Former Packers GM Ted Thompson reveals ‘autonomic disorder,’ explains why he stepped down
GREEN BAY — Former Green Bay Packers general manager Ted Thompson revealed Wednesday that he has been suffering from what he called “an autonomic disorder” in a statement released by the team.
Thompson, 66, was inducted into the Packers Hall of Fame on Saturday night after a 13-year tenure as GM, which ended when he transitioned into an advisory role in January 2018. Thompson said in the statement that he and team president/CEO Mark Murphy discussed his health and agreed near the end of the 2017 NFL season that he needed to step away from his GM position because of his illness.
“Late in the 2017 season, Mark Murphy and I had a conversation about my health and future with the Packers. At that time, we mutually agreed that it was in the best interests of myself and the organization to step away from my role as general manager,” Thompson said in the statement. “In consultation with team physician Dr. John Gray, I began a complete health evaluation that has included second opinions over the last year from the Medical College of Wisconsin, the Mayo Clinic and the UT Southwestern Medical Center.
“I have been diagnosed with an autonomic disorder. I feel that it’s important to mention that based on the test results and opinions of medical specialists, they feel that I do not fit the profile of someone suffering from chronic traumatic encephalopathy (CTE).
“I want to thank Dr. Gray, the medical professionals, the Green Bay Packers and my family for all that they have done and continue to do for me. It was a tremendous honor to be inducted into the Packers Hall of Fame this past weekend. The Green Bay community and the fans of the Packers have always been and will continue to be very special to me. It is my hope and belief that I will be able to overcome this disorder.
“Finally, I’d like to ask that you respect the privacy of myself and my family as we move forward.”
Thompson’s 13-year tenure as general manager was largely defined by three events: Using his very first draft selection as GM on University of California quarterback Aaron Rodgers during the 2005 NFL Draft, even though the team still had future Pro Football Hall of Famer Brett Favre as its starter; trading Favre to the New York Jets in August 2008, after Favre decided to unretire and the Packers had moved on with Rodgers as their starter; and Rodgers leading the 2010 team to the Super Bowl XLV title in his third season as the starter.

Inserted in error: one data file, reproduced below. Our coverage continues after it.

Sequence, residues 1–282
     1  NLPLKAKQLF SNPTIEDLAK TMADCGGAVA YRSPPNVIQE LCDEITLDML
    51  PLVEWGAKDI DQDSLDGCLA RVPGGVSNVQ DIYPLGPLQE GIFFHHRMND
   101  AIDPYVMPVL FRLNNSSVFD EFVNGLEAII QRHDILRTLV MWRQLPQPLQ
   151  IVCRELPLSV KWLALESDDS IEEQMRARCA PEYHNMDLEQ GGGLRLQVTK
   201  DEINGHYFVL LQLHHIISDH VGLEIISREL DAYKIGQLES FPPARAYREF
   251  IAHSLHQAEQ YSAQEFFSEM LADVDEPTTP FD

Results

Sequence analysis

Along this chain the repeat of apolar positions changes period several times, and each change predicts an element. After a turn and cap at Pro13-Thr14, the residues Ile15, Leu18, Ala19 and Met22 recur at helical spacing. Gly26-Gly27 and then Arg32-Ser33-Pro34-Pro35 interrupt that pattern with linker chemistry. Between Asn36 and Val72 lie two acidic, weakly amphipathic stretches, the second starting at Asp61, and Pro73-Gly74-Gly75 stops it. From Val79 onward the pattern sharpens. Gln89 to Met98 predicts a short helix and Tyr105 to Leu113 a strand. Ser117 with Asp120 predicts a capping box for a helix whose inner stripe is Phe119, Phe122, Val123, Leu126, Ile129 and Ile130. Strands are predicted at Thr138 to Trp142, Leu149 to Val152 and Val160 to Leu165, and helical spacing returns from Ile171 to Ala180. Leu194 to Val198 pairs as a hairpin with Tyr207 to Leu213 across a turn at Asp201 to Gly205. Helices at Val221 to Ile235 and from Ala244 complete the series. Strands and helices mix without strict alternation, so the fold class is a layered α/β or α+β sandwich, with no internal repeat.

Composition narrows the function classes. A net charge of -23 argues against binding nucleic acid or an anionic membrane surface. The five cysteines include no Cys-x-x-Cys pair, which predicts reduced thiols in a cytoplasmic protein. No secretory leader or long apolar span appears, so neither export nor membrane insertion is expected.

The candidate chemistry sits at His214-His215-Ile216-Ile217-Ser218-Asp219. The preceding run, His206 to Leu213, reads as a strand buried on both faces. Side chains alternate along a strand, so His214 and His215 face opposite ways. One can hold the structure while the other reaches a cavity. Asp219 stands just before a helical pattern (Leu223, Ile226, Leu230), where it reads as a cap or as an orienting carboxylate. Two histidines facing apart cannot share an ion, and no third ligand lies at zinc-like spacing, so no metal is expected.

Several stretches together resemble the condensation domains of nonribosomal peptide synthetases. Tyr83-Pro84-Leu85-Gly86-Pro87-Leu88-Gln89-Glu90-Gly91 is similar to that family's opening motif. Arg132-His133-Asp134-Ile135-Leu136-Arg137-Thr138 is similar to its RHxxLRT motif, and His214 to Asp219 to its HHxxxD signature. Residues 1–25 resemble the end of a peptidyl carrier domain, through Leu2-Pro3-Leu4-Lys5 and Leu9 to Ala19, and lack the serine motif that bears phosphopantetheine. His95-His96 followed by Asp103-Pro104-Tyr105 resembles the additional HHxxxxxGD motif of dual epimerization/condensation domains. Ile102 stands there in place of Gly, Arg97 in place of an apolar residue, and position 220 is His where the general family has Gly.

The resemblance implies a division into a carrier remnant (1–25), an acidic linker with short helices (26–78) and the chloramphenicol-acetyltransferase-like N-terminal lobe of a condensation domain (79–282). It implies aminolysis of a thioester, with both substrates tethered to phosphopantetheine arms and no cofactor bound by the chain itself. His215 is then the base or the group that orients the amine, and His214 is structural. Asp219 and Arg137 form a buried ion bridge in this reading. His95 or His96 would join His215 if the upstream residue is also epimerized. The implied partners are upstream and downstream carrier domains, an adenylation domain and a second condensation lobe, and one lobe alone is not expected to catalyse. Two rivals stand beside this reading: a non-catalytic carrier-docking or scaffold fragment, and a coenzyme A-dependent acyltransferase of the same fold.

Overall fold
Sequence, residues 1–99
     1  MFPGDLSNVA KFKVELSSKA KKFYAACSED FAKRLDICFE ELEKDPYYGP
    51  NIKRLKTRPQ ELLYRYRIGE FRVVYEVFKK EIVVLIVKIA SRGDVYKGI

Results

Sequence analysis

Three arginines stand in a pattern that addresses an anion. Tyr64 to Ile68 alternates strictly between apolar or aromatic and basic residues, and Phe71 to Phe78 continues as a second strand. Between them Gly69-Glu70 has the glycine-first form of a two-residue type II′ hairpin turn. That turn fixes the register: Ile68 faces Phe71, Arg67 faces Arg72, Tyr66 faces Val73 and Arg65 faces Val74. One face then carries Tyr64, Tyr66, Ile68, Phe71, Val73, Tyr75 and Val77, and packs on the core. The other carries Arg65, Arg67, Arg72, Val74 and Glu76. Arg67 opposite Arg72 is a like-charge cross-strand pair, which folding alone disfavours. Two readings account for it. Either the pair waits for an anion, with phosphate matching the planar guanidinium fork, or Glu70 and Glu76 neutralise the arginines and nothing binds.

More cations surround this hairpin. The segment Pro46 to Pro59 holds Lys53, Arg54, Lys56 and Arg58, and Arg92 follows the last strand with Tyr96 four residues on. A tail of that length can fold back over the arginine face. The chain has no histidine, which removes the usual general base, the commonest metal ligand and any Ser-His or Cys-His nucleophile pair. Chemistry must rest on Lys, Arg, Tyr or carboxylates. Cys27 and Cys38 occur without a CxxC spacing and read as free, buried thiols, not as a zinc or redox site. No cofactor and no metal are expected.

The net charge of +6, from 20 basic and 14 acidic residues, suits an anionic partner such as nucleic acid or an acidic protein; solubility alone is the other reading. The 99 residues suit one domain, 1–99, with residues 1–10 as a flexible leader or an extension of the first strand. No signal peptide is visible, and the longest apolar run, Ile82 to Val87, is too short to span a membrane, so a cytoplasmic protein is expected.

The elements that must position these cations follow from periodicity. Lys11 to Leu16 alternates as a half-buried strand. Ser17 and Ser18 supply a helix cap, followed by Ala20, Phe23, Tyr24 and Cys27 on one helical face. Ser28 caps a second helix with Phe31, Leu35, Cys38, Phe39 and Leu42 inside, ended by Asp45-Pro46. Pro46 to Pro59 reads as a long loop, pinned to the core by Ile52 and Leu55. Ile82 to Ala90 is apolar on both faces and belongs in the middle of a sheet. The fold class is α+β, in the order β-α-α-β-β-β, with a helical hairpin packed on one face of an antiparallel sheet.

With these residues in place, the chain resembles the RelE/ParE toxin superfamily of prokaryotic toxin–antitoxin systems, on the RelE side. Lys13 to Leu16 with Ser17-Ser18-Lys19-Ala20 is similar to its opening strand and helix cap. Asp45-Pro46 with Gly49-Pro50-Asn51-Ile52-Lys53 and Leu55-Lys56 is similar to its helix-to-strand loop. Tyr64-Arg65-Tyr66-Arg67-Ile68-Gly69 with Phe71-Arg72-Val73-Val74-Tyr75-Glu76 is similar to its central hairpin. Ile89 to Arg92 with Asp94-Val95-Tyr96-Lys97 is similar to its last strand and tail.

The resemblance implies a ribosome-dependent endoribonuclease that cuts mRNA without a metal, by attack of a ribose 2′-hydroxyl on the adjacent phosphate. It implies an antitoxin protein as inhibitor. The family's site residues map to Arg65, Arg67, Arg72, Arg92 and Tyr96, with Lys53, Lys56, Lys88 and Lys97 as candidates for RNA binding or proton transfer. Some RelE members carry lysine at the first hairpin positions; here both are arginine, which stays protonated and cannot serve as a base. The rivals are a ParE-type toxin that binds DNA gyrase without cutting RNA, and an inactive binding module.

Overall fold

Thompson took over for coach/GM Mike Sherman in January 2005, after then-team president/CEO Bob Harlan stripped Sherman of his GM duties. Thompson kept him as head coach but after the Packers went 4-12 in 2005, Thompson fired Sherman and hired Mike McCarthy as his replacement. In 2007, McCarthy led the Packers a 13-3 record and a berth in the NFC Championship Game, which the Packers lost at Lambeau Field to the eventual Super Bowl champion New York Giants when Favre threw an interception in overtime. It would be Favre’s final pass as a Packer.
Overall, the team compiled a 125-82-1 regular-season record on Thompson’s watch and made the playoffs nine times in 13 years, including a franchise-best eight straight season from 2009 through 2016. Green Bay was 10-8 in postseason play during that time, reaching four NFC Championship Games (2007, 2010, 2014, 2016).
On Saturday night at Lambeau Field, Thompson was enshrined in the Packers Hall of Fame, roughly 16 months after transitioning to a senior advisory role when current GM Brian Gutekunst was named as his successor.
In addition, Rodgers, former all-pro defensive back Charles Woodson, whose free-agent arrival in 2006 was vital to the Super Bowl XLV team, former head coach Mike Holmgren and Seattle Seahawks GM John Schneider recorded video tributes.
“I’ll never forget your loyalty,” Rodgers told Thompson in his video message. “I’m going to always be thankful for the time I had to spend with you, and the fact that you took a chance on a young kid from California. Thank you for your vision, thank you for believing in me year after year, thank you for representing the Green Bay Packers so well. And I’ll see you down the road.”
Thompson was presented for induction by longtime friend and former Houston Oilers teammate Mike Reinfeldt, who said in part, “I think history is going to be kind to Ted Thompson. When they look back and see what he accomplished, it’s a pretty golden era for the Packers.”
Thompson, meanwhile, limited his brief acceptance speech — which he began by acknowledging that he has always been “a man of few words” — to a simple thank-you after a video was played that included an extended interview with Thompson and clips of the many players he brought to Green Bay.
“This is a great honor. I appreciate it more than you could ever know,” Thompson said in his brief remarks. “This means a lot to me.”